The Open RF Association has been working on its vision to enable wireless device OEMs to benefit from maximum RF front end choices across chipset platforms providing lower costs, highest performance, reduced time-to-market and optimized inventory. To learn more about the association, everything RF interviewed Kevin Schoenrock, President of the Open RF Association.
Q. Can you tell us about the Open RF Association? When was it founded and what is its objective?
Kevin Schoenrock: The Open RF Association is an industry consortium that was founded in 2020 by a diverse group of global chipset manufacturers and RF front-end vendors. The organizations' mission is to enable an interoperable platform between 5G chipsets and the RF Front End (RFFE) driving best-in-class solutions to market faster.
Q. What benefits is the Open RF Association trying to bring to the industry?
Kevin Schoenrock: Open standards have helped bring greater innovation and increased choices to other parts of the telecom industry in many critical areas. OpenRF will enable 5G cellular device OEMs to select compliant RFFE devices that will operate seamlessly with OpenRF member’s 5G chipsets. This gives OEMs the maximum choice in selecting RFFE solutions, and as a result, lowers development costs, reduces time-to-market and design risk, establishes the highest performance utilizing a platform for future innovations, and improves supply chain implementation across the breadth of OEM consumer mobile products.
Q. What are the different Open RF Working Groups? What is the objective of each working group?
Kevin Schoenrock: There are five working groups within OpenRF, each with a unique mission:
- Working Group 1 is focused on creating a register map framework by leveraging industry standards to maximize the configurability and effectiveness of the RF front end.
- Working Group 2 is creating a Hardware Abstraction Layer (HAL) that harmonizes/standardizes the SW interface between RFIC and RFFE by creating an RFIC and RFFE agnostic SW interface.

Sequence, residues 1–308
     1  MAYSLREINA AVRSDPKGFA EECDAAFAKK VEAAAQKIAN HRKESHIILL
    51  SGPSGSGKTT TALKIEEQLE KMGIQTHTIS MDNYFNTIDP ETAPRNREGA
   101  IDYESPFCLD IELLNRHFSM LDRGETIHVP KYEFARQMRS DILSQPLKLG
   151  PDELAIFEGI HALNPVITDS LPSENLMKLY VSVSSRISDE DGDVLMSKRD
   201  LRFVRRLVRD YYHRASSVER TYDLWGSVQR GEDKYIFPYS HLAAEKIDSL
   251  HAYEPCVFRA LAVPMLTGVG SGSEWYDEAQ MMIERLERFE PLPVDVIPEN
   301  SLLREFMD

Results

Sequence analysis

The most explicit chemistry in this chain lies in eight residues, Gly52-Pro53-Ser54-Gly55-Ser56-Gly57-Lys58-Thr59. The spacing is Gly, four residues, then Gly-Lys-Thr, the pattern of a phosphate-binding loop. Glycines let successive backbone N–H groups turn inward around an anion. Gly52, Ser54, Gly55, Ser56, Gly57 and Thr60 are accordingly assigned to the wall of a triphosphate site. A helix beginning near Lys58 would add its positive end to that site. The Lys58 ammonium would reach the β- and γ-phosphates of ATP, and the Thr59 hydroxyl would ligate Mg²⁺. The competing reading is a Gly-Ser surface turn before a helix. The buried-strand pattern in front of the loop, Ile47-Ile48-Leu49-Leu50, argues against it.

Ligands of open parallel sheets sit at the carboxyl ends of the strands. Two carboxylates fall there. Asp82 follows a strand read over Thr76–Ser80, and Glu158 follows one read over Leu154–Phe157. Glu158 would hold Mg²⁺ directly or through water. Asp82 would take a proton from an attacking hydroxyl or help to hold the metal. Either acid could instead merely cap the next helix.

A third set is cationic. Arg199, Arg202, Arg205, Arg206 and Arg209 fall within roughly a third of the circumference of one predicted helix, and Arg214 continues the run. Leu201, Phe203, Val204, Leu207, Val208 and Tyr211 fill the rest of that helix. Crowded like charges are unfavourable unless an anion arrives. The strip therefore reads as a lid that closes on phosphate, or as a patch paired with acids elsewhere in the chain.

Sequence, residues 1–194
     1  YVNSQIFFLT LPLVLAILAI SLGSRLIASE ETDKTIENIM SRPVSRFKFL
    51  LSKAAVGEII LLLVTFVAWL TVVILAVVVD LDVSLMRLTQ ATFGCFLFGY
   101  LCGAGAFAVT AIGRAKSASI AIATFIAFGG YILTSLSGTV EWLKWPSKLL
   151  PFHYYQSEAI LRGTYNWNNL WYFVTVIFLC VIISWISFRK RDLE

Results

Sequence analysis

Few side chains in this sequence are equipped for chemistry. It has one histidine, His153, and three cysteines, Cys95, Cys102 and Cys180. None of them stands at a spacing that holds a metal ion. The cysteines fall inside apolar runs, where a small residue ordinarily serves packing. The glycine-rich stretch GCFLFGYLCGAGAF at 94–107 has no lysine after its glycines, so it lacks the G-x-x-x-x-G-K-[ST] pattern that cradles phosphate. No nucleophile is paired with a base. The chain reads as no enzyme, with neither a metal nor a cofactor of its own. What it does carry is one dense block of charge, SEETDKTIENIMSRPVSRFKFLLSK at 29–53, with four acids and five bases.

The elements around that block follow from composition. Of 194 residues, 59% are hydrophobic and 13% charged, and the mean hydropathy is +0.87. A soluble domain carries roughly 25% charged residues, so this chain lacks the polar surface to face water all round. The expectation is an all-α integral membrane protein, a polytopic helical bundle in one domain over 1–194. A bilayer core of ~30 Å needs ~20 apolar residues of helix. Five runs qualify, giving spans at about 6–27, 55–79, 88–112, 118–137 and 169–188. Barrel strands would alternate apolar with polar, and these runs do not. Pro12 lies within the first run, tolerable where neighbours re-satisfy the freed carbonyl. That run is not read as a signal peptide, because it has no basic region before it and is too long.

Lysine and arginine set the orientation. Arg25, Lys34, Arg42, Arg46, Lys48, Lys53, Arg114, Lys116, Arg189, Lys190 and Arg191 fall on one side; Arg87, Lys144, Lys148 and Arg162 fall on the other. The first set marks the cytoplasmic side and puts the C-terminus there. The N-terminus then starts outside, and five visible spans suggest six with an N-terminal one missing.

- Working Group 3 is developing an ecosystem of common RFFE and RFIC interface and hardware architectural features creating interoperable blocks while enabling differentiation and system innovation.
- Working Group 4 is tasked with issues around RF power management and is working to define and develop industry-leading approaches for RF power management.
- And finally, Working Group 5 oversees the development of our compliance program, which is needed to ensure interoperability for different RF front end and chipset platforms in the open ecosystem.
Q. Can you tell us about the 'Hardware RF front end/RFIC' working group and what it has developed so far?
Kevin Schoenrock: Working Group 3 is supported by all of the Association’s members along with inputs from OpenRF’s strategic advisors. The working group has been especially busy and I’m pleased with their progress. Because of their dedication, the Phase 1.0 specification will be released this summer, less than one year since OpenRF’s formation! The Phase 1.0 specification includes pin naming conventions, module behavioral characteristics and integrated RFFE module specifications. It will also contain the first RFIC interoperability blocks surrounding the harmonization of Rx LNA characteristics. Phase 1.1 will be released by the end of 2021 building upon the requirements introduced in Phase 1.0.